Robinson was a 7’1" center who was drafted as the number one pick by the 1987 San Antonio Spurs. Although drafted, he did not start his career until 1989 due to his obligation with the Navy. His father was an officer in the Navy, inspiring Robinson to enroll in the U.S. Naval Academy as a mathematics major upon completing high school. Robinson was 6’7" when he entered the Academy before growing seven more inches (students taller than 6’8" are not permitted to enroll). While at the Academy, Robinson played NCAA basketball where his final two years he was a consensus All-American. As a senior, Robinson was awarded two of the most prestigious honors in college basketball, the Naismith College Player of the Year and the John R. Wooden Awards. Even though he was drafted by the Spurs, he served two years in the Navy before being released from his final three years of service as a Lieutenant Junior Grade because he was too tall to be deployed. He remained a reserve and later participated in many recruitment campaigns for the Academy. Loyalty to his previous commitment came before his own individual pursuit in the NBA, of which he dedicated to one franchise. Throughout his career Robinson was nicknamed “The Admiral” based on his service as a United States Naval officer. The Academy helped shape Robinson to become a disciplined and educated human being.
Immediately upon entering the NBA, Robinson contributed to his team’s success. In his first year as a Spur, the team made the first round of the play-offs. His play resulted in his being honored as the 1989-1990 NBA Rookie of the Year. During the 1993-1994 season, Robinson entered the final game of the season against the Los Angeles Clippers needing sixty-nine points to exceed Shaquille O’Neal as the scoring champion. Robinson scored seventy-one, his career high, becoming only the fourth person in history to surpass seventy points in one game. The next year, Robinson was named MVP. Yet despite personal achievement and success, Robinson had not led the Spurs to win a championship. Things became worse when serious injuries in 1996 side-lined Robinson for all but six games and subsequently resulted in the Spurs finishing the season 20-62. Their horrendous season without Robinson resulted in the Spurs' ability to draft Tim Duncan as the top pick. Robinson and Duncan became known as the “Twin Towers,” quickly elevating the Spurs to success. The Spurs went on to defeat the New York Knicks to win the championship during the 1998-1999 lock-out season. When Robinson announced that he would retire following the 2003 season, the Spurs won their second championship to cap off Robinson’s celebrated career.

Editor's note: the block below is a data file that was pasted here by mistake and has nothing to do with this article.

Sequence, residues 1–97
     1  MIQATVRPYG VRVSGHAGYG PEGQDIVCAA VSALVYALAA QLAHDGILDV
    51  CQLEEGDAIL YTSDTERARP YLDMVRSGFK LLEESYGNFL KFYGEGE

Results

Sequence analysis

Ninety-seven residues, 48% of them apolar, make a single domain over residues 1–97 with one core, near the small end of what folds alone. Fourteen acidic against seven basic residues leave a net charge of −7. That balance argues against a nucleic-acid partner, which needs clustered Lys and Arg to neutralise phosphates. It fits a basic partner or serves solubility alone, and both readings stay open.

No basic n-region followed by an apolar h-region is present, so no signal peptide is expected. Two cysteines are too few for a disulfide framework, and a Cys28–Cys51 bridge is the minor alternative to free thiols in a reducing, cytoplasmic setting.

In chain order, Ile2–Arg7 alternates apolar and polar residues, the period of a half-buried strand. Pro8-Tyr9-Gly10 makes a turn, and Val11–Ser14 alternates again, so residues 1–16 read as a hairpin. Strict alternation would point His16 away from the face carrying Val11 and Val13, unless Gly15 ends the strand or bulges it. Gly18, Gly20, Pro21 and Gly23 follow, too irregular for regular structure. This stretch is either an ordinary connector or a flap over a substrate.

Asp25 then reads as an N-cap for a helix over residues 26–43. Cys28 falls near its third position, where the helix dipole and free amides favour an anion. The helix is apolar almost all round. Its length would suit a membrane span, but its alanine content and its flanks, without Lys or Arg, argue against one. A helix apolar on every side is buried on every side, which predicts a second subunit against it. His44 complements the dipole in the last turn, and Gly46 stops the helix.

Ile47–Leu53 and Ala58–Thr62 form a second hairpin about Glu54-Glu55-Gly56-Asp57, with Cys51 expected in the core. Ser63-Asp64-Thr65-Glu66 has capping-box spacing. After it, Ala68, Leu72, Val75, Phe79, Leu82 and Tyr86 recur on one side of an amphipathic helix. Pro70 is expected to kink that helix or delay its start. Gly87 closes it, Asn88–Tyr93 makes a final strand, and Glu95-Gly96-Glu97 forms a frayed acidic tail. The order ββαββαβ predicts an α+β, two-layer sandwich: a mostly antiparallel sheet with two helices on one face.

Robinson finished his career with an average of 21.1 points, 10.6 rebounds, and 2.5 blocks per game. He retired as a ten time NBA All-Star, scoring 20,790 total points. He is the only player in history to win the Rebounding, Blocked Shots, and Scoring Titles, Rookie of the Year, Defensive Player of the Year, and MVP. In addition to these achievements, Robinson is the only American male basketball player in history to compete on three different Olympic teams. Before even playing NBA basketball, Robinson and the United States received a bronze medal in the 1988 Seoul Olympics. In 1992, Robinson was a member of the “Dream Team” who won the gold in Barcelona. He was also part of the gold medal 1996 Atlanta Olympic team. While today NBA players are hesitant to compete in the Olympics due to the risk of injury and hostile nations, representing the USA was important to Robinson. He translated the patriotic ideals that he learned in the Navy into representing his country in basketball.